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A novel use for twitter – a teaching taser

Twitter, a micro-blogging toolTour_1_5

that slipped a 140 character noose around the neck of the net’s geekish  crowd  about  a year or so ago and has kept them on that short leash ever since, has also proven to be a useful kind of cattle prod in the task of shocking newsrooms into the 21st century.
The very first time I showed a roomful of journalists and advertising reps David Troy’s Twittervision, (a mashup of Google Maps and the public Twitter stream of ‘tweets’) the universal look of incomprehension on the gathered faces was like a frigid blast of winter air greeting a gardener on a spring morning.
Ah, well, I thought, we have some work to do.
I explained the "what are you doing?" concept, the 140 character contstraint, following and the conversations it was enabling. I  asked one veteran reporter what she thought of it.
"I think these people should get a life!" she hissed, with ill-concealed disgust.
Part IRC, part SMS, part Social Network device and totally simple to use, Twitter spread like cheap heroin in artists colony – and proved to be just about as addictive.
And with that addiction has come innovation — as it often does with the malleable tools that get tossed into the mosh pit of the web. Fishing in the public stream of tweets I’ve seen bands linking to mp3s of their songs, marketers offering 1 hour only sales, lovers making dates, parents reaching out to other adults – any adult, please! – novels being written 140 characters at a time, earthquakes being announced, forest fires being tracked and conference keynotes being reported on.  Dozens of newspapers have even taken to alerting readers about breaking news via Twitter (One dedicated fan has collected a list of those papers using Twitter).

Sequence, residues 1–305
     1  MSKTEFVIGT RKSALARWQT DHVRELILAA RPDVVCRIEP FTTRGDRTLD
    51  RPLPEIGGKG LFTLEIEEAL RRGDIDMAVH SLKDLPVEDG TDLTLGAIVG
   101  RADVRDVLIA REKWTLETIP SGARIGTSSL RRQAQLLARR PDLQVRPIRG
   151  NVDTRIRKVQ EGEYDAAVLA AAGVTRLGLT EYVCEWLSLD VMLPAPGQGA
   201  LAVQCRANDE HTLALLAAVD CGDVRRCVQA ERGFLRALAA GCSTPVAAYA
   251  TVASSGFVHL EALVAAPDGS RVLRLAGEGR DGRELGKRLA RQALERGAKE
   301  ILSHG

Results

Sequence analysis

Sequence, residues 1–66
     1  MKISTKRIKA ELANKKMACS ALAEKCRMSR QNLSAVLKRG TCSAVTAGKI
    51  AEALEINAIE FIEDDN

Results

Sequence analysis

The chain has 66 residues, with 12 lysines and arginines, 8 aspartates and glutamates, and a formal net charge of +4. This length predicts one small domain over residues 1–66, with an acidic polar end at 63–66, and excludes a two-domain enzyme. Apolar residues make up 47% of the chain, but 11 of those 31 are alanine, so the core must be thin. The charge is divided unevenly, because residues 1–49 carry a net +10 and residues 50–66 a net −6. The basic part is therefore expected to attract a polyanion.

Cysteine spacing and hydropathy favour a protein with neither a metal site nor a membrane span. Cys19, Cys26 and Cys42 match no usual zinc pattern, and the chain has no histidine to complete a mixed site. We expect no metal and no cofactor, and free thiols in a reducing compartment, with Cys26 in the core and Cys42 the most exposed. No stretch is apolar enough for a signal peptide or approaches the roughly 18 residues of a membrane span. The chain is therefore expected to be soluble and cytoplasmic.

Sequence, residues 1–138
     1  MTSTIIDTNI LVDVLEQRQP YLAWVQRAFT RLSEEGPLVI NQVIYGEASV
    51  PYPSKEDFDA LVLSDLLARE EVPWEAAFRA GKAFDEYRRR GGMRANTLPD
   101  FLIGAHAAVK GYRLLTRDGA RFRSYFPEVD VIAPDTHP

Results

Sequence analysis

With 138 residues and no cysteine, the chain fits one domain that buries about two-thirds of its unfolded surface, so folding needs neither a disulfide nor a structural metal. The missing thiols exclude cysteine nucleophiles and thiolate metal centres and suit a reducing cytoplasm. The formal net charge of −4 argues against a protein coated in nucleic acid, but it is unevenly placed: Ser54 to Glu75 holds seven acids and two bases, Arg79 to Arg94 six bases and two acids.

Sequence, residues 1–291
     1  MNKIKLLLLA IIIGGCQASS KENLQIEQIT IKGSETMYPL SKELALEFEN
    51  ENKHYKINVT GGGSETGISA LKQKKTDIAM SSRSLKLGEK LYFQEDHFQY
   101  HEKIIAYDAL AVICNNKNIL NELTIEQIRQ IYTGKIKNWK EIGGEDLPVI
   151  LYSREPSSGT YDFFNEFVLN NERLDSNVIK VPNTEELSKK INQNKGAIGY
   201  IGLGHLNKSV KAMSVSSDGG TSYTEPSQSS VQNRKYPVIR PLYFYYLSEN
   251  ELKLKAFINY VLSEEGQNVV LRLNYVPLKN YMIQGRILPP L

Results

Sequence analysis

When you’re teaching, one of things that you live for (you shouldn’t, but you do) is that look – the dawning comprehension, the ‘Aha!’ moment. None of my lessons produce that look quite as often as the Twitter lesson does.

That first disgusted veteran? She, alas, hadn’t changed her mind by the end of her week at WebU, but many others have as they’ve come to see the ways people are using Twitter and begin to imagine ways they might use it too.
Bill

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